By Nao Braverman
Are Ojai’s street sweepers actually doing their job or just kicking up dirt and debris? Several local residents and business owners who claim to have been caught in a dust cloud behind the city’s street sweeping vehicle, wanted to know.
“The streets are full of contaminants, insecticides, urine, rubber from cars,” said Ernie Salomon, owner of the Matilija Plaza Group. “Now all you have is a machine that sweeps that stuff up into the air.”
According to Salomon the local street sweeping vehicle would be more efficient if it “sprayed the streets down and then sucked up the debris,” as some Los Angeles County motor sweepers do. But Ojai’s machine just blows the filth right back into the atmosphere, he said, citing the sweeping mechanism’s “old technology.”
Ojai has been using the same company and services for at least 20 years, according to Venco Western’s spokesperson Bill Barrett. A 2006 Ojai Public Works report shows that the the city used to pay Venco Western directly for street sweeping services but decided to transfer the services to Ojai’s solid waste collector, E.J. Harrison & Sons at the end of July 2006.
E.J Harrison & Sons now includes street sweeping in their solid waste contract with the city and charges residents about 95 cents more for street sweeping in their trash collection bill every other month, saving the approximately $48,000 yearly cost to the city’s general fund.
While residents are now paying for street sweeping service, instead of the city, the service itself has not changed, said public works director Mike Culver. While the payment now goes first to E.J. Harrison & Sons, E.J. Harrison & Sons still contracts Venco Western to do the actual sweeping, he explained.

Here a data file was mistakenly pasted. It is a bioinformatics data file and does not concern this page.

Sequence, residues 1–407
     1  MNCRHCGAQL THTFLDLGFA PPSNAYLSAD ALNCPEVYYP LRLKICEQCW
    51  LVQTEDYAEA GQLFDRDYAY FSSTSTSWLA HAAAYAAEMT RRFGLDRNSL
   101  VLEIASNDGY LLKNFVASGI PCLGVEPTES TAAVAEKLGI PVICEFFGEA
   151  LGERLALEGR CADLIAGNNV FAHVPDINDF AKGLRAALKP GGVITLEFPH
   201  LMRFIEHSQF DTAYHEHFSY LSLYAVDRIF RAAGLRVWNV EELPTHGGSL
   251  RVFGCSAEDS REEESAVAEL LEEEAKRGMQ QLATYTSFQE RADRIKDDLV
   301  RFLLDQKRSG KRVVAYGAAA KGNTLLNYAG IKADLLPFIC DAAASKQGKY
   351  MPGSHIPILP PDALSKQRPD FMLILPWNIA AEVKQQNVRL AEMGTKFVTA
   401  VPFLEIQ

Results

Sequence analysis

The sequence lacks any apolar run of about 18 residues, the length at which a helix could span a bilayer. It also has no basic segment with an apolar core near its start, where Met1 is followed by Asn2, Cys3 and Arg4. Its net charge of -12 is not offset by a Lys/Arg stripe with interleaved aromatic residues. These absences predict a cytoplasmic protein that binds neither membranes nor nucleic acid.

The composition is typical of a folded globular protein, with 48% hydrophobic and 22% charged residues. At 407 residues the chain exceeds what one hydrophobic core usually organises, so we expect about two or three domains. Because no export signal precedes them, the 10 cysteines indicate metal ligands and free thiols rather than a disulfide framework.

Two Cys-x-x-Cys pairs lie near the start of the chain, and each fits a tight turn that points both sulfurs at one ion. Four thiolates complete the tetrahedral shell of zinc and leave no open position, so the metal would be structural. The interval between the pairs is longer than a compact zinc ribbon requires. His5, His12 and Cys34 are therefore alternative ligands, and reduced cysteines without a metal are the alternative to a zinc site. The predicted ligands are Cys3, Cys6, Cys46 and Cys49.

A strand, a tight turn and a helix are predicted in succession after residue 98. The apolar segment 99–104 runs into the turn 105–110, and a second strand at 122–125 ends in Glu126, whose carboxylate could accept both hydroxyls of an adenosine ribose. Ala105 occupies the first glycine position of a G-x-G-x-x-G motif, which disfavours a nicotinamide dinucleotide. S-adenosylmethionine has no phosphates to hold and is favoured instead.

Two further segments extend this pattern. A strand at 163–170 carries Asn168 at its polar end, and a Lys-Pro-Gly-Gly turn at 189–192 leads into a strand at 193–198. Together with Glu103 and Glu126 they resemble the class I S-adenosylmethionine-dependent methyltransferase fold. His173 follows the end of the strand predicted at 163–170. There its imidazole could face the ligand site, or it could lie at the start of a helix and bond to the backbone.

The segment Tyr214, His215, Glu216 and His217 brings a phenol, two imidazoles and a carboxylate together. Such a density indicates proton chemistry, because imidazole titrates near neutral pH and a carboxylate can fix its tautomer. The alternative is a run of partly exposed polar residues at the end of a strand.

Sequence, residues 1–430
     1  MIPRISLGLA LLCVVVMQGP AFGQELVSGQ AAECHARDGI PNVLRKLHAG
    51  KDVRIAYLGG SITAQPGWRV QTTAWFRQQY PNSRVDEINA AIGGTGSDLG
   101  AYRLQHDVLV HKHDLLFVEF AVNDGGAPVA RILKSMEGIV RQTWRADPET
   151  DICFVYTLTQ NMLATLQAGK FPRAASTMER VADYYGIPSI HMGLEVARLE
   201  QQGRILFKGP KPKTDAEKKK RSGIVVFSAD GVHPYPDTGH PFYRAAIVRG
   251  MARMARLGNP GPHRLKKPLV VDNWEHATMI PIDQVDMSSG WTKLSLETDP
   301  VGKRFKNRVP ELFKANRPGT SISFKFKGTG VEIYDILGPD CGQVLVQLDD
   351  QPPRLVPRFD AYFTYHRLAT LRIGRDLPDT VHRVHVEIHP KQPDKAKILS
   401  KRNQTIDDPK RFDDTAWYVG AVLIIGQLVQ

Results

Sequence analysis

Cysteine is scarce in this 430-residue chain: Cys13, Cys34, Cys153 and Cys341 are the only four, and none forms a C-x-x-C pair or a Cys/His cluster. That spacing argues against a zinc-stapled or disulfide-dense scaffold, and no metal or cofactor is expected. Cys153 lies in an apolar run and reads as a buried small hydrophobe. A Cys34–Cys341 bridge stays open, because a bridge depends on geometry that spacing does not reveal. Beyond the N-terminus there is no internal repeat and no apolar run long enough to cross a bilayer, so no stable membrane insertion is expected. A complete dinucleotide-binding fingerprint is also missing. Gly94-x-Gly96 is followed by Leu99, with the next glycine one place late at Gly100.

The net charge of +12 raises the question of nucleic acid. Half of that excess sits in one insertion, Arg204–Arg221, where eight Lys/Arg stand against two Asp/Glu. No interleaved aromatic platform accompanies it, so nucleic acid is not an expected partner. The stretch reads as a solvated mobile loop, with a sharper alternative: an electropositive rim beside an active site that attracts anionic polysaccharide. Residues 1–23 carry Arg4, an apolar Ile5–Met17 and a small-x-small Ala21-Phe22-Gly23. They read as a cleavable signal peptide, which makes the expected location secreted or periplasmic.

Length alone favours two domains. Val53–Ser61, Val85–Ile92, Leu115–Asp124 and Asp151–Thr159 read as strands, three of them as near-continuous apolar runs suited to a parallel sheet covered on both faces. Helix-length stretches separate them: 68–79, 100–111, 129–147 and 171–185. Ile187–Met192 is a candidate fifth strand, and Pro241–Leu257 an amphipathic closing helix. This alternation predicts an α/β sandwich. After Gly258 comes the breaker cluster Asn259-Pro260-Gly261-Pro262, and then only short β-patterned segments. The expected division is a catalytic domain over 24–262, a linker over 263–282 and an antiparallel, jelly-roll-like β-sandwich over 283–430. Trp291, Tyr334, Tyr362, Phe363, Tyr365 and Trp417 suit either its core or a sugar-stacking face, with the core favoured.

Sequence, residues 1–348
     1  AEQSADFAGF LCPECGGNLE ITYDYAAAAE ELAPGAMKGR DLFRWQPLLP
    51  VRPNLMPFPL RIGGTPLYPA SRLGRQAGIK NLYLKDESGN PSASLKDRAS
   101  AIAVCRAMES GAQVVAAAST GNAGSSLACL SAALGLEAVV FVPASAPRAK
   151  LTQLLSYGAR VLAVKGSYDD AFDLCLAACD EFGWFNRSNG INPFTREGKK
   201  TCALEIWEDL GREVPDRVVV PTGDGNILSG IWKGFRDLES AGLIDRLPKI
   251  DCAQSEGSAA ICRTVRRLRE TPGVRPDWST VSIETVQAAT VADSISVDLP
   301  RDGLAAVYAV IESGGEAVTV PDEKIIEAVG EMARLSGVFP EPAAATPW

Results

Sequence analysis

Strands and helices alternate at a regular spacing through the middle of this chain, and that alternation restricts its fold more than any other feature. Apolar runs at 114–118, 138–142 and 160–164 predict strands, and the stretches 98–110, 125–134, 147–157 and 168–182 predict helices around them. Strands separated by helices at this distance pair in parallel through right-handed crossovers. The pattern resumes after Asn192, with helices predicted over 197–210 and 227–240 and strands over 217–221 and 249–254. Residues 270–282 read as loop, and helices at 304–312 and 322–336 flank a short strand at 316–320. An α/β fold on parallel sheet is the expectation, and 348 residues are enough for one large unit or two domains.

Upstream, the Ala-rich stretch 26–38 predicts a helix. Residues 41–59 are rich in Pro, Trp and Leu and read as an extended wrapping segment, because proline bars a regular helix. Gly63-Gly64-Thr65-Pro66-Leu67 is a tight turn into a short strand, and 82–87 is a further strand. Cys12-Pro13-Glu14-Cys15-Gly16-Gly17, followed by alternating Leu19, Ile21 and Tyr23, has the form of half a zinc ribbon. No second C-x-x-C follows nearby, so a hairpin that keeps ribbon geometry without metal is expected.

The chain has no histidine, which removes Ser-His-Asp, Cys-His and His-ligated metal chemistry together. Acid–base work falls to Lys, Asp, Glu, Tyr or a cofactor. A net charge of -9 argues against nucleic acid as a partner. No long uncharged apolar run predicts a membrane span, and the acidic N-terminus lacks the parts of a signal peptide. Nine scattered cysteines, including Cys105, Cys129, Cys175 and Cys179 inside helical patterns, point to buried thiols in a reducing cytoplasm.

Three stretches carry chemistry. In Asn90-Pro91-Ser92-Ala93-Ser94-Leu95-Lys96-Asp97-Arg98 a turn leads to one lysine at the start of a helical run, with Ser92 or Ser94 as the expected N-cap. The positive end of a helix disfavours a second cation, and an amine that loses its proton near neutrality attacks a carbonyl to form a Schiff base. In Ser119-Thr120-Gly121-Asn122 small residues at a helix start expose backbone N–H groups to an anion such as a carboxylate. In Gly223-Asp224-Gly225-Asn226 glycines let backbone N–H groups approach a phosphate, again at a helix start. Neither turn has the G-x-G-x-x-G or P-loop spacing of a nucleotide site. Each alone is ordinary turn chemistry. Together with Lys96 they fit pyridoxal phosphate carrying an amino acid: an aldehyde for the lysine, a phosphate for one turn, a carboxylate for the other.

Barrett said that the company has been using the same methods and technology they used when the city of Ojai paid them directly. Venco now gets about $88 more each month after the new arrangement.
Venco employees use a Tymco Model 600 heavy duty sweeper, and service alternating routes throughout the city on Tuesday and Wednesday mornings. The machine drives across the street side sweeping dirt and debris with a gutter broom which sprays a fine mist of water to keep the dust down as much as possible, said Barrett. A pick-up head on the vehicle is supposed to suck up the debris being swept off the streets.
Several residents have complained that the sweeper doesn’t use water. But Barrett insisted that a fine mist of water should always be emitted from the machine as a dust suppression mechanism. The machine uses very little water however, and hardly leaves a mark, so residents might not be able to see it, he added.
Culver said that Venco’s street sweeping employees could have run out of water, or could have been driving the vehicle too quickly when residents sighted unhealthy clouds of dust rising from behind their machine.
An Ojai Valley News reporter did not notice any dust cloud and ample water was being used on by the street sweeping machine Tuesday morning, however.
According to the 2006 public works report, the city decided to contract with E.J. Harrison & Sons also because they provide recycling services and recycle the debris through California Wood Recycling. The recycling company takes dirt and debris transferred from Venco to E.J. Harrison & Sons, screens it and reuses the organic matter as soil amendment.
The recycling of street debris included in the street sweeping contract with E.J. Harrison & Sons helps the city comply with Assembly Bill 939. The 1989 Integrated Waste Management Act mandates California cities to significantly reduce their contribution to landfills.
By Nao Braverman